Tonight, I am frustrated, sucrosically frustrated.
All I want in the world at this very moment is simply some good dessert. But somewhere between “good” and “dessert,” I am lost … as to what exactly it is that I want for tonight’s dessert. While I am aware that this is literally a sweet predicament to be in, any kind of unfulfilled need can get very frustrating as I am sure many of you can relate to.
Gael Greene once said that “Great food is like great sex. The more you have, the more you want.” Well, let me tell you. When you want sex, and I mean when you are really desperate for sex, you know exactly what you want and you can just go for it. But at the end of the day, unlike desserts, the climax, the pleasure can be quite monochromatic. Single toned, you know?
Dessert is different.
Do I want an ice-cream cone? Or a sundae? Would I rather have a cake? And if so, what texture and what flavor? Might I prefer a New York style cheesecake or a tiramisu? Should I walk to a Thai restaurant two stations away for sticky rice with mangoes? Or some basen ladoo from a neighborhood Indian sweet shop? Maybe I’d better go to the Korean grocer’s to see if she has any green tea ice-cream left. Oh what about kulfi? The list goes on.
Living in Jackson Heights – reportedly the most diverse spot in the nation – compounds my confectionery problems. I knew that at least I wanted something sweet, something milky and creamy and something small.
Not knowing what I wanted, I left my apartment on Broadway and marched toward 37th Avenue, determined to check out before I move out of the city a little neighborhood cafe called Carollo Bakery despite its unfavorable Yelp reviews. Even if I didn’t end up with something that truly fulfilled me, I thought that I would be satisfied to settle upon any dessert there and check this place out of my list, especially considering how affordable their pastries are. Unfortunately for me, the bakery was closed.
Undeterred, I continued to Espresso 77, wavering near the coffee shop glass windows and introspecting whether or not I truly wanted anything from there. Their ginger chai is quite soothing and I wouldn’t mind a glass of Riesling. They tend to have cookies, brownies, chocolate croissants and the like. But I discovered that I wasn’t craving for anything chocolate and definitely not in the mood for a hard texture. No crunchy cookies for me please.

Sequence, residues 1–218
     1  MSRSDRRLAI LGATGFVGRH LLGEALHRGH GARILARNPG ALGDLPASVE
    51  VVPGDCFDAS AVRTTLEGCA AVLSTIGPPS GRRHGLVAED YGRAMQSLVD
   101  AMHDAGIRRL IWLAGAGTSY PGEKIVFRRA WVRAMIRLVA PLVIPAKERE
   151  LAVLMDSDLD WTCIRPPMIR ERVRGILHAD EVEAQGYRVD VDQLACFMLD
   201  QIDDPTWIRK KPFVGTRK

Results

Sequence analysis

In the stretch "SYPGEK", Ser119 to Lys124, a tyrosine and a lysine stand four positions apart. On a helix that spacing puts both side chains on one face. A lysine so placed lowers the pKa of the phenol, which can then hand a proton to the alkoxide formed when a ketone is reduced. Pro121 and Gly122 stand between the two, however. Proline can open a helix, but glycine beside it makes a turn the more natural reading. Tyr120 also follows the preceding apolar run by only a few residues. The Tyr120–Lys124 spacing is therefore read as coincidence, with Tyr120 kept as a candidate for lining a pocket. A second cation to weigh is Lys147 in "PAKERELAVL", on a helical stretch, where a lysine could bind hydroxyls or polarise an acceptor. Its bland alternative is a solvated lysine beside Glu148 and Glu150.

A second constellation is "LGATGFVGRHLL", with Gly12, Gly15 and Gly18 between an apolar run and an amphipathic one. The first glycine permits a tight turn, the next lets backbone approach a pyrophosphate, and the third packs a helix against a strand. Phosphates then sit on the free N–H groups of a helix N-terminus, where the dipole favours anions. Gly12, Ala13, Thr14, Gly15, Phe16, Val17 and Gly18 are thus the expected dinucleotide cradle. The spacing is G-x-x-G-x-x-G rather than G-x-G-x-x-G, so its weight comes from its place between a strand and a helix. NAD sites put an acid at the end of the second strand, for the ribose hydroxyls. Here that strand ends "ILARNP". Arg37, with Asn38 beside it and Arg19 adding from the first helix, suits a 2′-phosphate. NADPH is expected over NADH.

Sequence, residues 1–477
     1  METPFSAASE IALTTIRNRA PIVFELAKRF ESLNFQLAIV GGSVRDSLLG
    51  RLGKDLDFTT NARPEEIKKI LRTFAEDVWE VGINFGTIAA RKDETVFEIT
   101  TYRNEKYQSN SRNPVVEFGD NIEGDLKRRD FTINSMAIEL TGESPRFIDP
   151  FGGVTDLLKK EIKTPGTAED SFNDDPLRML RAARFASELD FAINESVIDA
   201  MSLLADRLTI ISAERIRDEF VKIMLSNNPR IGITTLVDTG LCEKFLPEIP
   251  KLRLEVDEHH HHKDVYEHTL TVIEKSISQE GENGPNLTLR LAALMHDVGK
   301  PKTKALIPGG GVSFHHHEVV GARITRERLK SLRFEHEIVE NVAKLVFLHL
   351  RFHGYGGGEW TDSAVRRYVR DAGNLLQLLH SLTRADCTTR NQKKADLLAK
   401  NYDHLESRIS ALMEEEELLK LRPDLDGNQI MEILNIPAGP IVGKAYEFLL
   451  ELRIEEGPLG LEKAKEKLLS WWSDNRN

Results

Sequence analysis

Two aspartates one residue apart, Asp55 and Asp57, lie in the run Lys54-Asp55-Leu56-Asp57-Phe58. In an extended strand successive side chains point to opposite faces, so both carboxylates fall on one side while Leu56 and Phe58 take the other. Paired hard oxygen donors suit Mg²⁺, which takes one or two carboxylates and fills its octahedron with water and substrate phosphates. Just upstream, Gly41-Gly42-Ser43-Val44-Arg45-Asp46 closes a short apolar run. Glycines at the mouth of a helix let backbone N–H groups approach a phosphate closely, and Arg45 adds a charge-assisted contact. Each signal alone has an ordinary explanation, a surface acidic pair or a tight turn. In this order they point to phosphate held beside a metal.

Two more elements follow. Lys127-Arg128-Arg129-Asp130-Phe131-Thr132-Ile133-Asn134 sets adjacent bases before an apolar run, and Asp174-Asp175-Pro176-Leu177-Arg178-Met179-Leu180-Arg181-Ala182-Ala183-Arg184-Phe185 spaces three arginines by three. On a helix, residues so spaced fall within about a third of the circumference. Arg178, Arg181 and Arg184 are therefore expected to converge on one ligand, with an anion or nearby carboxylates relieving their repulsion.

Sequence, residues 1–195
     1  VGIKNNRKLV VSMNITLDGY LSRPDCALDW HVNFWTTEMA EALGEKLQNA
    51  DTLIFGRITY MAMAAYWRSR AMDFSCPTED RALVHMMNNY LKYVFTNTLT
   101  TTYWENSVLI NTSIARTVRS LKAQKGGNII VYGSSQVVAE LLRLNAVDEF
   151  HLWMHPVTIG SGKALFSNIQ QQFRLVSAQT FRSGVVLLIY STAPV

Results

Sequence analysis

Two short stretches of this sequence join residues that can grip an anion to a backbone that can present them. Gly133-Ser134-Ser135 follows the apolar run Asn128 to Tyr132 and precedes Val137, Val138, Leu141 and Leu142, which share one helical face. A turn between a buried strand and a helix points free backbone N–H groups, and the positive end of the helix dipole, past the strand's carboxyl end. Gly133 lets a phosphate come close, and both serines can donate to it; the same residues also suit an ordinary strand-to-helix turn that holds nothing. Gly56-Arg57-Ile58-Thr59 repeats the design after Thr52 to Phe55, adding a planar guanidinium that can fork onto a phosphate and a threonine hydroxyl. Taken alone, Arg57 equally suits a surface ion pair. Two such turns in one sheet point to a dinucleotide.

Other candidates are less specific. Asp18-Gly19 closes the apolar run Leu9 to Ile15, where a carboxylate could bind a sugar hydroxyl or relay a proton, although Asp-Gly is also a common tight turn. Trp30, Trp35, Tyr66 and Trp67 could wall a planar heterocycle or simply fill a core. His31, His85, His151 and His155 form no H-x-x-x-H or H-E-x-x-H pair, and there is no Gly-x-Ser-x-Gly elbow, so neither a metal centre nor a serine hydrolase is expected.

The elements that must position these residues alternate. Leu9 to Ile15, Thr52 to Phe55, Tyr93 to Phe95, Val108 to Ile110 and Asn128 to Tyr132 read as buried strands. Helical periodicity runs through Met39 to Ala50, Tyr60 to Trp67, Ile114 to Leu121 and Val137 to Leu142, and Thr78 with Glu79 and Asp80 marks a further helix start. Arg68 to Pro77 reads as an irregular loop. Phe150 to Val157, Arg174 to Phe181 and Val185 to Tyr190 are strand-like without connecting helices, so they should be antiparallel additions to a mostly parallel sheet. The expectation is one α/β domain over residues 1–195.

Growing a little frustrated, I wandered into the Little India, which is along 74th Street between 37th and Roosevelt Avenue, stopping at nearly every single Indian dessert shop I found along the way. I was not a big Indian confectionery fan to start with, and considering that Indian desserts tend to either have a solid, firm texture or get soaked up in a syrup, I couldn’t find anything I wanted.
That is until I stumbled upon kulfi! It is soft. It’s sweet. It’s cold and it’s creamy. It sounds like it is everything I wanted. However, just as I thought I was going to settle for kulfi, the man by the counter turned to me from chatting with the store owner and asked out of nowhere: “Are you Nepali? Where are you from? Tibet?”
Arr…Let’s just say, “North Carolina..?” Anywhere really that he wouldn’t know much about.
It is one thing to strike up a conversation with a neighbor and act friendly, but another thing to barge in with an intrusive question without any warning! Nepali and Tibetan women I know are friendly, warm and pretty, but I do not appreciate that in an ethnic neighborhood, the number #1 identifier is which ethnic group you belong to, not who you are. Next time, I am going to say I am from Quito and see if it works.